I read this captivating yet deeply tradgic account of the catastrophic end to the German third reich, but was even more taken by the audio version. If you can afford the unabridged version, or can borrow it from your library you will be totally absorbed by the wonderful reading of Sean Barrett. After so many hours of listening he became the commanding voice of the text and was a perfect choice and is deserving of an award for its epic power of narration.
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27 of 30 people found the following review helpful
4.0 out of 5 stars The fall of Hitler's empire, 17 Dec 2003
By 
David Roy (Vancouver, BC) - See all my reviews
The Fall of Berlin 1945 is obviously about the last series of battles in World War II. It not only covers the final battle for the German capital, but it actually starts in January 1945. The Russians are sitting on the Vistula river, just outside Warsaw, and waiting to launch one of the final attacks that will finally collapse the Nazi regime. Beevor has done lots of research, and it shows. This is a completely compelling book. You do, however, have to have an interest in the subject and you should probably not be in a really bad mood when you read it. It is kind of a downer.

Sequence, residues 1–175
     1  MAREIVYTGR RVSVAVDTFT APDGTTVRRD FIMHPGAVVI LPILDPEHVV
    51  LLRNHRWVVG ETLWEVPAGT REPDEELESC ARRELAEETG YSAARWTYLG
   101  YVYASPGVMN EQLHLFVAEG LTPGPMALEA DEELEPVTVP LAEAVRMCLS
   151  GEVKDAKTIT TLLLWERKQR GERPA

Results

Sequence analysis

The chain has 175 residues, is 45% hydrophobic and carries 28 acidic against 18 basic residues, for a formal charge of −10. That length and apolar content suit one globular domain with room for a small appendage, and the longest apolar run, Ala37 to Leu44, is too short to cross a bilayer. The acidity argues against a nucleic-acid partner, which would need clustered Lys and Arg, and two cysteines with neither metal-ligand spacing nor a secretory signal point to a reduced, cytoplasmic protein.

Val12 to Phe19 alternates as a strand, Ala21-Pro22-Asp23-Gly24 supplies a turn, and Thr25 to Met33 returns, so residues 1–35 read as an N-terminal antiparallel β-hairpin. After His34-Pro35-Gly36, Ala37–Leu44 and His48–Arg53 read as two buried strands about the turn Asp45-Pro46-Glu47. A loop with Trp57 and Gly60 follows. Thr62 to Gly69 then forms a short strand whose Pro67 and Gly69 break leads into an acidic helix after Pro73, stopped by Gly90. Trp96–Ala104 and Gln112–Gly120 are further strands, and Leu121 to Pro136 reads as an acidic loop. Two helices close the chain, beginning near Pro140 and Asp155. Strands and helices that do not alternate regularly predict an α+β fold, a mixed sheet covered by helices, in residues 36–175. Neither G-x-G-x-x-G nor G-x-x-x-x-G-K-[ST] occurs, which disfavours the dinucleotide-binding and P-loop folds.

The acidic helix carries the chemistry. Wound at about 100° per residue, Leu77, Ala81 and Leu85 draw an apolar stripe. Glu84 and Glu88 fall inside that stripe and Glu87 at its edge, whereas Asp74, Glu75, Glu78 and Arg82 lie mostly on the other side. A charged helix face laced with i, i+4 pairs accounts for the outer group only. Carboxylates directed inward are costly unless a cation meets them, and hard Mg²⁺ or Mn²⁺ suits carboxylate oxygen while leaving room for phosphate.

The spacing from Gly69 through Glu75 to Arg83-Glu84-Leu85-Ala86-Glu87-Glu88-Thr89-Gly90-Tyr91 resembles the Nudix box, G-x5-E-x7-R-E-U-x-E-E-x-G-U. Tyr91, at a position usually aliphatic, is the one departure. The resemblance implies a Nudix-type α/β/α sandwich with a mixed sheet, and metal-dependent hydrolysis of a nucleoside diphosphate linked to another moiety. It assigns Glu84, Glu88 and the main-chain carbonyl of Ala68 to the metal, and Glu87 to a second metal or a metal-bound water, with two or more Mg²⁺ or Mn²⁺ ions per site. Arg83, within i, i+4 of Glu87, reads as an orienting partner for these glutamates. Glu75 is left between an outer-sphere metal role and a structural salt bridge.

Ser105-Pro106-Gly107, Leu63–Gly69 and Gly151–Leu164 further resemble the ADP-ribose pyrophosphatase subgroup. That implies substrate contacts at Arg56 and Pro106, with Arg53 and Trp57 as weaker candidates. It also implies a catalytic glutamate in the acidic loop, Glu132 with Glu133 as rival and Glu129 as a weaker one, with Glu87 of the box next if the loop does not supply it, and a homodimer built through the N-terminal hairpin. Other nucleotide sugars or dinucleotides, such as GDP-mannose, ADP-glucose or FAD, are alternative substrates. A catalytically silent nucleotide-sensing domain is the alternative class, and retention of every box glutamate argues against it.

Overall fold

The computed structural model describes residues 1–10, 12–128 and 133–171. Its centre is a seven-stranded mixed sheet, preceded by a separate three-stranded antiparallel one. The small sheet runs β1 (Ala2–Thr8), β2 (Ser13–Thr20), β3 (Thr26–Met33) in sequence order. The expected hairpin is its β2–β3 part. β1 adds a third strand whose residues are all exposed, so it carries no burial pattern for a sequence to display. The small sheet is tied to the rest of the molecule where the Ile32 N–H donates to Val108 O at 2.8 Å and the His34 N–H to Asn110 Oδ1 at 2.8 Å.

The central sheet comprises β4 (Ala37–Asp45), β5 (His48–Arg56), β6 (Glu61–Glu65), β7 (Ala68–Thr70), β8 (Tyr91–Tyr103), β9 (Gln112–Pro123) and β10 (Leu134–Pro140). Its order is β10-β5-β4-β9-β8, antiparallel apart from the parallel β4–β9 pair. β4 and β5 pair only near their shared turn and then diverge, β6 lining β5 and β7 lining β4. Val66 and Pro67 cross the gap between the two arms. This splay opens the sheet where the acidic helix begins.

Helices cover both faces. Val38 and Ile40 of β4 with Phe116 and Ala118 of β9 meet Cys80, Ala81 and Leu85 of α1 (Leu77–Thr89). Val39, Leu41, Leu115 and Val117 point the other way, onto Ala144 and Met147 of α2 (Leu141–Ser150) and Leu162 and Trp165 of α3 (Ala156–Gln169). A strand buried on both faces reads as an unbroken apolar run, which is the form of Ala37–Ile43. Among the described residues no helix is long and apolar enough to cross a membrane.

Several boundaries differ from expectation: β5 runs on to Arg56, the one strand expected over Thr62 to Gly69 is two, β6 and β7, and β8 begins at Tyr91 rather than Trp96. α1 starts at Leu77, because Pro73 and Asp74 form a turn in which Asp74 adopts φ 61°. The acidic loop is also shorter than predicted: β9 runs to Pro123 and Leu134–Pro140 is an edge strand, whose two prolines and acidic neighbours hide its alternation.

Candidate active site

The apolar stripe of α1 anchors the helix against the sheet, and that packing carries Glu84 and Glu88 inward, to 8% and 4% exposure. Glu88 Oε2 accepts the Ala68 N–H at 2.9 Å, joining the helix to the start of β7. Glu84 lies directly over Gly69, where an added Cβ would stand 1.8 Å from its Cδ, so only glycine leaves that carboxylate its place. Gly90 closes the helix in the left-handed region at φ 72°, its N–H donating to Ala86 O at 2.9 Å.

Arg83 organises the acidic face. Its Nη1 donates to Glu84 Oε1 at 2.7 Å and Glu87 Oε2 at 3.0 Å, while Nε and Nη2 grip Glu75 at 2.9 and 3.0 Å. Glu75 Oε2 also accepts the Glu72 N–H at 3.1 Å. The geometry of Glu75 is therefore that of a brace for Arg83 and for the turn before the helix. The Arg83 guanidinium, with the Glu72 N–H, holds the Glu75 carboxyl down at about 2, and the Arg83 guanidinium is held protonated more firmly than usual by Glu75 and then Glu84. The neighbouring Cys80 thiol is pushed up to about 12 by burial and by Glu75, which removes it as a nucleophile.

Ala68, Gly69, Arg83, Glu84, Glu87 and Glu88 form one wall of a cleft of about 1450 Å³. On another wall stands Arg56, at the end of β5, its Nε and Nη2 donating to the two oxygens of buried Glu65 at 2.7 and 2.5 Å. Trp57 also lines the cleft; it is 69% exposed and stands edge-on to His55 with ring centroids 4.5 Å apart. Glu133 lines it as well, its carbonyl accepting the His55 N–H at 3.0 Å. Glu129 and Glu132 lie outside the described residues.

For the most part, Beevor concentrates on the Russian front as the Germans face off against the Soviet army. He does have a chapter or two about the other allies, but most of the time that he is talking about them, it is in relation to the Eastern Front and how some of the remaining Germans were trying to retreat to the American and British lines so that they could surrender and hopefully not get killed by the invading Soviet hordes. Beevor also details the Yalta conference and how Stalin completely hoodwinked Churchill and Roosevelt (Roosevelt himself was very ill at this time and certainly wasn't at his best) in regards to his intentions for Poland and for Berlin. Other than this, however, Beevor is completely devoted to action in Poland and in eastern Germany. This isn't surprising, as most of the action in this period of the war was centred here. Not to say there wasn't any fighting in the West, but once the Americans crossed the Rhine river, the Germans seemed more intent on making sure they didn't surrender to the Russians.
Beevor does a good job with the subject. He writes in an interesting manner that doesn't contain the dryness that is prevalent in some history texts. However, he does go deep enough into the subject that it's obviously not intended for light reading. This is a history book, and it certainly feels like one. It's not history-lite for somebody with just a mild interest in the subject. Not being a historian, I can't speak to the accuracy of the research, but he does have a lot of sources, all of which are detailed in the back. He uses archives, interviews, unpublished diaries (including three sources that he insists must remain anonymous, so presumably they are Russian), mostly primary sources. The notes, unfortunately, are in my least favourite format: instead of end or footnotes, the notes are listed by page number and then a brief snippet of a quote to state which section he is referencing. I find this incredibly annoying and hard to follow, so much so that I don't even bother after awhile.